“123 Tibetans have set themselves on fire since 2009. All but one of those self-immolations has occurred in the last two years. The latest took place this past November.
The number of self-immolations peaked in 2012, with 85 taking place that year. There were 27 in 2013.
102 of the self-immolators have died.
19 of the self-immolators were women.
The two oldest were in their sixties. The youngest was 15. In all, 31 were teenagers, 59 were in their twenties, 13 in their thirties, eight in their forties, and three in their fifties. 53 were between 18 and 24 years old.
Not many details about the work of the self-immolators have emerged, so the record is incomplete. But what is known is that 40 were monks, 12 were former monks, six were students, four were nomads, three were farmers, one was a forest guard, and one was a writer. 13 have been reported to be parents–nine fathers and four mothers.
But what exactly did these 123 citizens hope to achieve through self-immolation? What difference has it made? And what, if any, change has occurred as a result of the self-immolations?” [….]
Chinese-ruled Tibet, by contrast, is a totalitarian society under military occupation. No independent reporting is allowed in Tibet. Chinese reporters must serve the state, and their reporting is more tightly controlled than in China. Indeed, almost all Chinese reporting from Tibet comes directly from Xinhua, the official state news organ. Foreign reporters are not allowed in Tibet except when accompanied by government minders on government-controlled itineraries.
Given such tight control of information, it’s amazing how much has gotten out about the self-immolations and other news the Chinese government would prefer no one know about. Most information that ‘escapes’ from there is sent out via cell phone and internet by ordinary people to Tibetan exiles, news organizations such as Radio Free Asia and Voice of America, and Tibet advocacy groups such as International Campaign for Tibet, Free Tibet and the Tibetan Centre for Human Rights and Democracy.
Still, even though news of the self-immolations has emerged, I wonder whether or not there is any other place in the world where so many people could have killed themselves in such dramatic fashion with so little clear effect. [….]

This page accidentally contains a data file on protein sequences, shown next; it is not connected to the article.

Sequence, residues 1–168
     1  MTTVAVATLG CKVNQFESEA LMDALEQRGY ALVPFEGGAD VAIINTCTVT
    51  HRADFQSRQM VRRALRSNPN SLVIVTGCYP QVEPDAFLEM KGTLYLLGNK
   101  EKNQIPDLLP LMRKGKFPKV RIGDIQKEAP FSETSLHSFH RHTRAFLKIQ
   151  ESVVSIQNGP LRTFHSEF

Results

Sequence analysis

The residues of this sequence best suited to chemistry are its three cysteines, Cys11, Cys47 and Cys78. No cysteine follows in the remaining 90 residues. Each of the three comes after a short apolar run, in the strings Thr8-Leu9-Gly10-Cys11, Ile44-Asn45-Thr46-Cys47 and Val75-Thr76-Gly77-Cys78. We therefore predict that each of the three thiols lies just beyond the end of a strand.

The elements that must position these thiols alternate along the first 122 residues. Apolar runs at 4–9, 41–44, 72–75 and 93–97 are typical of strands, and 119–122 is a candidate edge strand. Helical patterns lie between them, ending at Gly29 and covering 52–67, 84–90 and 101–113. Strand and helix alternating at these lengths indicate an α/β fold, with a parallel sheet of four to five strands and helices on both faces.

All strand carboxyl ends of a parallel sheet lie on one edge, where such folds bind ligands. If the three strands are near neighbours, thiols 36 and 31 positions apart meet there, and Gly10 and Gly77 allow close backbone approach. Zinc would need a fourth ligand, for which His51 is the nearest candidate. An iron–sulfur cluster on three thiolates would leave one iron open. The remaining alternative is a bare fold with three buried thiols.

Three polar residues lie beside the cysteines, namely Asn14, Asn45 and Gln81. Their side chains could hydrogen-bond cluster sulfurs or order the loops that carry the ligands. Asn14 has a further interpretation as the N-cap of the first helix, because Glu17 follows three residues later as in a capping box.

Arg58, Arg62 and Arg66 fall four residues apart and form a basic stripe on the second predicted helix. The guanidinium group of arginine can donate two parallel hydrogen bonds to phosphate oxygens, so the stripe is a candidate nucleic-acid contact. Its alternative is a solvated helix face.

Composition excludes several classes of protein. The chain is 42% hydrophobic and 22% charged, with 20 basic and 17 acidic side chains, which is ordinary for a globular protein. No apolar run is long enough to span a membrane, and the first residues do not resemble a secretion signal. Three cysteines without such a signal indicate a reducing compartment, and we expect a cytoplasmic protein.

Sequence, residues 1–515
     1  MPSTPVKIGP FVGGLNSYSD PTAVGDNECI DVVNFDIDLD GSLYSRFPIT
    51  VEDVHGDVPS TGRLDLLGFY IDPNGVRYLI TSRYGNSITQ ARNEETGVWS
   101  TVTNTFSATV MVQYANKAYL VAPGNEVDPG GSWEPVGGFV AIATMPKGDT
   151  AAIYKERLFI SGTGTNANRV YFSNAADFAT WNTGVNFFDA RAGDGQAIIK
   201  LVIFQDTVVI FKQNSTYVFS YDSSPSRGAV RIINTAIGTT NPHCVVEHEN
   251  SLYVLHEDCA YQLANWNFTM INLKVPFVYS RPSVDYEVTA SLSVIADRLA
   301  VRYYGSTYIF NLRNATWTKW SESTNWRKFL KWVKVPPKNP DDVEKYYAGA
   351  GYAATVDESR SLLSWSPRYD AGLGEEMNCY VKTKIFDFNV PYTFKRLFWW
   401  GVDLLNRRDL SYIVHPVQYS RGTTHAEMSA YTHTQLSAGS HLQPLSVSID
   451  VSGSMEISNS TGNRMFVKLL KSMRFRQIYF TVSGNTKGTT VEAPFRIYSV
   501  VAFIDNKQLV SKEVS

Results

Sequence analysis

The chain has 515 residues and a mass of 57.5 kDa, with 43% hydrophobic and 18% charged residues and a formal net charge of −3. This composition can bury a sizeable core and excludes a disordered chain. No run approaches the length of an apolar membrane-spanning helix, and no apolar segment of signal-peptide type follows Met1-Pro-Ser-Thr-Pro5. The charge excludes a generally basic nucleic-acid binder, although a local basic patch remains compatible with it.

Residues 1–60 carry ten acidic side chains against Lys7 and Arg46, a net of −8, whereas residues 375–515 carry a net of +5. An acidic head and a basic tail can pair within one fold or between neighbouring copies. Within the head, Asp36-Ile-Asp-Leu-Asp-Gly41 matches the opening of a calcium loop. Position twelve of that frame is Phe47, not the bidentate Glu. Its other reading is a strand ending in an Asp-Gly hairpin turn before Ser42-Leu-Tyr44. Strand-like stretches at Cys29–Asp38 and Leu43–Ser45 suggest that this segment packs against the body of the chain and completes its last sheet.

The self-immolations are almost certainly related to the demonstrations of 2008 that swept across Tibetan areas, the largest and most widespread since the Chinese occupation of Tibet began in 1950. (The first self-immolation of 2011 occurred on March 16, marking the third anniversary of those demonstrations.) The Chinese government’s response to the 2008 demonstrations was– as has been its response to almost every act of Tibetan self-assertion over the last thirty years—to increase political, religious, cultural, social, and economic repression.
Within this context, one can read the self-immolations as being one of the few remaining acts Tibetans feel they have at their disposal. The scope of action for the average Tibetan in advocating for the basic rights of his or her people has been narrowed to basically zero; the Chinese government has shut down just about every avenue.
Few of the self-immolators have left messages that have found their way to the outside world. Many are reported to have shouted, while on fire, calls for the Dalai Lama to return to Tibet and for Tibetan freedom, as well as opposition to Chinese rule. More generally, it appears that their reasons have also included concerns about cultural rights, religious rights, language rights, land rights, rights over natural resources, freedom of movement, and freedom to be educated as they wish.
It appears that the self-immolations have not been strategic, coordinated, calculated, or instrumentalist. That is to say, the self-immolators did not have a plan, according to which, if they set themselves on fire, this would happen, and then this, leading to this concrete result. The self-immolations were political protest but not pragmatic. If they hoped to be catalysts of change, it was not in the immediate sense of setting off a chain reaction. They were powerful acts of powerlessness. They were expressions of desperation without being acts of despair.”
Please see the entire piece by Tenzin Tharchen (‘the pseudonym of a commentator living in China’) at The Reporters, Inc.
For a “basic reading guide” on self-immolation (as ‘fire suicide’ or ‘auto-cremation’) see here.